The emergence of cryptocurrencies has prompted several countries across the world to launch central bank digital currency (CBDC) or study its various contours. Unlike cryptocurrencies, CBDC is a digital currency that is issued only by a central bank or a competent monetary authority. In simpler terms, it is the digital equivalent of government-issued paper currency. This article focuses only on privacy risks and concerns with respect to CBDC and offers policy recommendations to make a case against the harnessing of these currencies at the cost of individual privacy.
A number of central banks are researching or experimenting with CBDC. In October 2020, the island country of Bahamas became the first country in the world to launch a nationwide CBDC. The Chinese government began trials of e-yuan from April 2020 onwards and is planning to ramp up its promotion during 2022 Beijing Winter Olympics. European officials want to launch digital euro by 2025. The G7 is working on a common set of CBDC principles for central banks to issue their own currency. It is estimated that that countries constituting nearly 20% of world’s population will be using them in next three years. According to Atlantic Council, CBDC Tracker, 19 countries are involved in various CBDC pilot projects as of April 2021.
While digitised money can allow governments to provide relief-related monetary assistance and flag criminal activities, it also allows them to track peoples’ spending in real time. The possibility of central bank overseeing all our transactions highlights the fact that there will be an increased state intervention into our daily lives, while attempting to control what we do with our money. Examples of these controls can be seen in the form of China’s “Great Firewall” which prevents Chinese people and foreigners residing in China from accessing selected foreign websites and tools, and slows down cross-border internet traffic. Moreover, experimental trials of social credit systems in China have demonstrated how people can be denied access to travel and other activities if they have low credit scoring. So, CBDC can also be used to restrict people from purchasing certain products and services.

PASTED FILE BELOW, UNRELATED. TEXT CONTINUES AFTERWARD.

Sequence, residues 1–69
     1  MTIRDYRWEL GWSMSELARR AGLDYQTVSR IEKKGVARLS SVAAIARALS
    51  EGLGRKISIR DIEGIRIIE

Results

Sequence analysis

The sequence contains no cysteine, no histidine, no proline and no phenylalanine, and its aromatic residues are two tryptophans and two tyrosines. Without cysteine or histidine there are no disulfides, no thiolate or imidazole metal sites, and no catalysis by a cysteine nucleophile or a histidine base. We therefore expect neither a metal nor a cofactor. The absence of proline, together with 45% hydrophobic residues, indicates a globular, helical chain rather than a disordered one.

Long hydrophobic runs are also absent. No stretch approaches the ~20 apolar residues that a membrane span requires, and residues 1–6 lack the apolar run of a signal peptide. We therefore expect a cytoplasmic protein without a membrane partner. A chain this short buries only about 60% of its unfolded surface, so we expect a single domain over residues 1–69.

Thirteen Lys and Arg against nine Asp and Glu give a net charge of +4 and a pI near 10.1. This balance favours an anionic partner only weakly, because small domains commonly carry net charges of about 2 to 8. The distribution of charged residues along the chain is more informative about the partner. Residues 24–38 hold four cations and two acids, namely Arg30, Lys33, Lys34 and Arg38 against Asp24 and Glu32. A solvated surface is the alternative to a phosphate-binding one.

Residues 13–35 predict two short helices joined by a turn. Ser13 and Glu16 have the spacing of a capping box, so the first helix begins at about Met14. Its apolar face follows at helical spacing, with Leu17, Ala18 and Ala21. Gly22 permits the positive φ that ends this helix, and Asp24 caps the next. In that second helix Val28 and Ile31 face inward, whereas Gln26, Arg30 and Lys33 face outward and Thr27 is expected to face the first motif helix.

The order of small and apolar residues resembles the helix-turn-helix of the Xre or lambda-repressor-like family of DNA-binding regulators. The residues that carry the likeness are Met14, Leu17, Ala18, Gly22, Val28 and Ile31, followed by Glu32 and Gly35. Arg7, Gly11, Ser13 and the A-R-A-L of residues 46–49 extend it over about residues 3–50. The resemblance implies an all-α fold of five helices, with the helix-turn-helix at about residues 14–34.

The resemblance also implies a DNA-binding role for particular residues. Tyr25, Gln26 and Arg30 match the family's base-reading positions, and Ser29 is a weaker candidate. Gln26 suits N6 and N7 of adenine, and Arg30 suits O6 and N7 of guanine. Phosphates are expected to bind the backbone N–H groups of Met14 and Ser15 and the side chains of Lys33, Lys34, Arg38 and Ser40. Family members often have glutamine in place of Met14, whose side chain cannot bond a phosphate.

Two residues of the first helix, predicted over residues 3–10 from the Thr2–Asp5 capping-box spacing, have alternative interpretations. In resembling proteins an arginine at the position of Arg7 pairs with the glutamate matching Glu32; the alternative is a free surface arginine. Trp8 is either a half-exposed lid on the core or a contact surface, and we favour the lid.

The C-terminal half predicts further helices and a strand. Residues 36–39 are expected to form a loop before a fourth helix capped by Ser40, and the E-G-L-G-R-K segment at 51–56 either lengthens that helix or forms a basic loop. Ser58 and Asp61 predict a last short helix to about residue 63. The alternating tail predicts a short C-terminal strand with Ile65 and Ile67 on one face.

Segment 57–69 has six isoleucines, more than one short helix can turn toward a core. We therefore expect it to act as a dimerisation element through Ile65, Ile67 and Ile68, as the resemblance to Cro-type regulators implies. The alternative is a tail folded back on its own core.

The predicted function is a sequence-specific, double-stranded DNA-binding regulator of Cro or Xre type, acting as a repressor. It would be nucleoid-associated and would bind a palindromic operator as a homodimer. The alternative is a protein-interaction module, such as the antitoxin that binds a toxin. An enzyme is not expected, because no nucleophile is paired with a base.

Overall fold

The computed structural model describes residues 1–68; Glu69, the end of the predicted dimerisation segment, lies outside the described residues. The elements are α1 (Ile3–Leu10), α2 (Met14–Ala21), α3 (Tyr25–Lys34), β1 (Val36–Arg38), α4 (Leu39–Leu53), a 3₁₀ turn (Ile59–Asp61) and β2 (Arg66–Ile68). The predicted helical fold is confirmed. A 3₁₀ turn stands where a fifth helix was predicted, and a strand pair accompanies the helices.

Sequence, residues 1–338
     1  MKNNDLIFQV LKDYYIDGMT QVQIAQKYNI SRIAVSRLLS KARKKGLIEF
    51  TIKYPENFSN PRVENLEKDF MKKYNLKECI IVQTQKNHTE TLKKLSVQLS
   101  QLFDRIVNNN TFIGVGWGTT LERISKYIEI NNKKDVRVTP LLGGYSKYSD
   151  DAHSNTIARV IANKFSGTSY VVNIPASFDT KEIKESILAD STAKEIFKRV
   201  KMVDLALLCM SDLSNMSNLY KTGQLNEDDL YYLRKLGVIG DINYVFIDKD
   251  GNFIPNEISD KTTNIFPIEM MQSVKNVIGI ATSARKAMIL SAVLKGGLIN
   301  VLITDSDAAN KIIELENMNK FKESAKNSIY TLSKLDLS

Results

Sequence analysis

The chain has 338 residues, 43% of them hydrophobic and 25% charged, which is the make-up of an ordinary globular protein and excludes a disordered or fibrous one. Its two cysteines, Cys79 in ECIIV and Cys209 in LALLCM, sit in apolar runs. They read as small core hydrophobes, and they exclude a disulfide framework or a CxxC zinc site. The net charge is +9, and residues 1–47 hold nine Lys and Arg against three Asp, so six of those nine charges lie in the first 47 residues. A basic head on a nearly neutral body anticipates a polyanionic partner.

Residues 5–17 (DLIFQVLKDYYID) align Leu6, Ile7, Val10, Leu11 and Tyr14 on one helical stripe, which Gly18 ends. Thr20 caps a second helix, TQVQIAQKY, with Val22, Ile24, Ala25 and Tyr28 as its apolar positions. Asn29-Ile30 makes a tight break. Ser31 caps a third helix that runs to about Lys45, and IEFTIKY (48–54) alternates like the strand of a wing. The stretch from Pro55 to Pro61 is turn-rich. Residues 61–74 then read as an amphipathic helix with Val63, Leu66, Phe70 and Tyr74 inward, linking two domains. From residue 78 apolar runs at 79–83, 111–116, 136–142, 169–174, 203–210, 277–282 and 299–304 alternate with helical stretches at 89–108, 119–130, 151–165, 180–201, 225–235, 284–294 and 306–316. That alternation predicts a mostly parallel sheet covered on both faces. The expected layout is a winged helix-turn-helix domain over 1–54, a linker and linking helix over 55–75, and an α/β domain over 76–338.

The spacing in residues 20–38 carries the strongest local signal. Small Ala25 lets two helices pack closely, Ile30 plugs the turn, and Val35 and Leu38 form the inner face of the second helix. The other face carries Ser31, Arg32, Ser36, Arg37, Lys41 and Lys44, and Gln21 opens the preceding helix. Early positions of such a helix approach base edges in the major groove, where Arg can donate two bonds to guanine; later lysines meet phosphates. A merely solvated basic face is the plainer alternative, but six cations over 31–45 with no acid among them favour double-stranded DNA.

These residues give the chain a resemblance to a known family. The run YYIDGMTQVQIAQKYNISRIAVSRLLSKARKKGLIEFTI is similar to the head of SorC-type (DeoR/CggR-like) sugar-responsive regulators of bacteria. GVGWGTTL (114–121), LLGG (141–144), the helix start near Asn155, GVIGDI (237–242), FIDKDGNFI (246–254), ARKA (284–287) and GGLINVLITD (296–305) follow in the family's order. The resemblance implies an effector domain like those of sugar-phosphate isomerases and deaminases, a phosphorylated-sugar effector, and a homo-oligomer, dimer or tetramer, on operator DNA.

According to Atlantic Council, CBDC Tracker, 19 countries are involved in various CBDC pilot projects as of April 2021.
The attachment of expiration dates with e-yuan during trial phases indicate the extent to which the government will have control over people’s money. Consequently, a burst of cash accumulation was observed among the Chinese people last year. Such a scenario could be avoided by ensuring that the central bank digital currency is merely an extension of means through which people can access their money, while also not aspiring to become a completely cashless society.
Apart from government-related surveillance, it is also important to ensure privacy from private sector. In China, prominent mobile payment services Alipay and Tenpay have encountered a number of data breaches and security lapses despite the fact that they collect an excessive amount of personal data. These issues are not only restricted to Chinese mobile payment services. Data breaches incidents related to mobile payment services have occurred in several countries including India and Japan to name a few. Therefore, there is a need to regulate excessive personal data collection by private mobile payment systems. Case studies like Germany’s Barzahlen/Viacash should be studied so that privacy by design should remain at the heart of mobile payment system infrastructure.